Melee happens to be a smart way to conserve ammo as each successful combo string you land opens up a short window to perform a “skill shot”, allowing you to automatically lock onto a weak point with your firearm and down them in a few frames in instead of an entire clip. The choice between risk and reward is satisfying after being involved in getting up close rather than trying to pick off enemies from a safer way.

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Basically, there are no game mechanics or references that make Jacob’s background as a pilot relevant, as he has to physically fly to get out of the lunar prison. It’s mildly important to the plot, but he could have been a ballet dancer and it wouldn’t have changed the game at all.

You’d think being put in a space prison would also be a ripe opportunity to add little mini-games involving hacking or perhaps a deeper exploration of imprisonment, but none of this exists.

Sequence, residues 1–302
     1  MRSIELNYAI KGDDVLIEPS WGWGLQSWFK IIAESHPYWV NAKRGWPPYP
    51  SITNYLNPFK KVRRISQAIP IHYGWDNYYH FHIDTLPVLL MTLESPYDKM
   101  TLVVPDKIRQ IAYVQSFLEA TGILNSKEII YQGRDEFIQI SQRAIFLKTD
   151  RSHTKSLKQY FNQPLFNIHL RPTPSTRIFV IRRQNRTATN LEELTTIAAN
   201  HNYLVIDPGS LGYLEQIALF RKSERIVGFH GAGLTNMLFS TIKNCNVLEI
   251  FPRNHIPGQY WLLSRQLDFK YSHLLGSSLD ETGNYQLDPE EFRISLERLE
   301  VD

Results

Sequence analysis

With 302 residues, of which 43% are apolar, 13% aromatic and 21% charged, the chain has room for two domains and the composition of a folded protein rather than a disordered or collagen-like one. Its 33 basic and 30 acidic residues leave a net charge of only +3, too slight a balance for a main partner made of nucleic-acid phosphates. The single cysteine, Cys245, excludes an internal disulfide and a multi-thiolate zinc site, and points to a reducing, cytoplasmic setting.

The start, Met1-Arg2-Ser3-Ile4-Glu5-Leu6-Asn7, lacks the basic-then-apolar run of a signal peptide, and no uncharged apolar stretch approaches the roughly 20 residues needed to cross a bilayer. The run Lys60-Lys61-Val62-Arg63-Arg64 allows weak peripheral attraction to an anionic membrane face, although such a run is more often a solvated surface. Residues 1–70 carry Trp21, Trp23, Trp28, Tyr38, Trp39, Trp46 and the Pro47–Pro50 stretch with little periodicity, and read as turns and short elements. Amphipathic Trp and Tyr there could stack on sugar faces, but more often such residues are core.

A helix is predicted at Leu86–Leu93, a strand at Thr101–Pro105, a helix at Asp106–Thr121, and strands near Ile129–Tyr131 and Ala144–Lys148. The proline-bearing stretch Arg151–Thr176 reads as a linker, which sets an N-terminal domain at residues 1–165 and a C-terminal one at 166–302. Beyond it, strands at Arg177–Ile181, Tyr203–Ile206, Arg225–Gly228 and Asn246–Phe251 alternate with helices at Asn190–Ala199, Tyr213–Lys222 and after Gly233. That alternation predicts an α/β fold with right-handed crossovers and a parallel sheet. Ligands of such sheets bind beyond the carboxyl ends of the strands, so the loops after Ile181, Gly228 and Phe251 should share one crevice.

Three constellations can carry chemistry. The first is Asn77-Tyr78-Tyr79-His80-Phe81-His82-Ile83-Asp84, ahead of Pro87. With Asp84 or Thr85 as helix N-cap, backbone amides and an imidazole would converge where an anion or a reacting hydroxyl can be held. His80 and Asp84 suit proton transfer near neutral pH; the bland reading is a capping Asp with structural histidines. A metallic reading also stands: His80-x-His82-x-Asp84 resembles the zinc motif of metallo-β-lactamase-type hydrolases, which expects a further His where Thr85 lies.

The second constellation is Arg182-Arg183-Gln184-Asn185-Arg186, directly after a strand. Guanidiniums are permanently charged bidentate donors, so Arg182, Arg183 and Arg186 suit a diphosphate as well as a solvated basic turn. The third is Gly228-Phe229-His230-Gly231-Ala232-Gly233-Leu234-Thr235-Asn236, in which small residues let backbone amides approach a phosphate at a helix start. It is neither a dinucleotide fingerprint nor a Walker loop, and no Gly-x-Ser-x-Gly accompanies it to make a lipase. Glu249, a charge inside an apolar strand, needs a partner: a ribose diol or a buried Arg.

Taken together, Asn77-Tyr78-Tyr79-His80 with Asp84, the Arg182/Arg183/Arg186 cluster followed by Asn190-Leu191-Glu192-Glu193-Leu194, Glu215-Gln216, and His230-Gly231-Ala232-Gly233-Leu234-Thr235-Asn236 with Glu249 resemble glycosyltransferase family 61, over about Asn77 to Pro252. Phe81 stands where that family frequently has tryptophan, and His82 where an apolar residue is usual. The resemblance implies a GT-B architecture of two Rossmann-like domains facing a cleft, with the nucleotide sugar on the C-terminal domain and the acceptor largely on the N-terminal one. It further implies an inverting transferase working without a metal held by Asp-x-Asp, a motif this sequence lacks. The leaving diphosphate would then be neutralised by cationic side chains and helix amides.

Combat is really the game’s only innovation. After getting familiar with the tutorial, players are introduced to Callisto’s triad of weapons: long-range weapons, the baton of stun, and the GRP, a telekinetic magic gauntlet that allows Jacob to pull enemies closer, hurl chunks of nature at them, or throw them at one of the aforementioned spiked walls for an instant kill.

The idea is pretty simple, Jacob slings and punches his way through the space prison, lifting enemies into the air with his Jedi gauntlet and cannonballing them into the spinning teeth of a floor-to-ceiling chipper. He also has to face the boss monsters.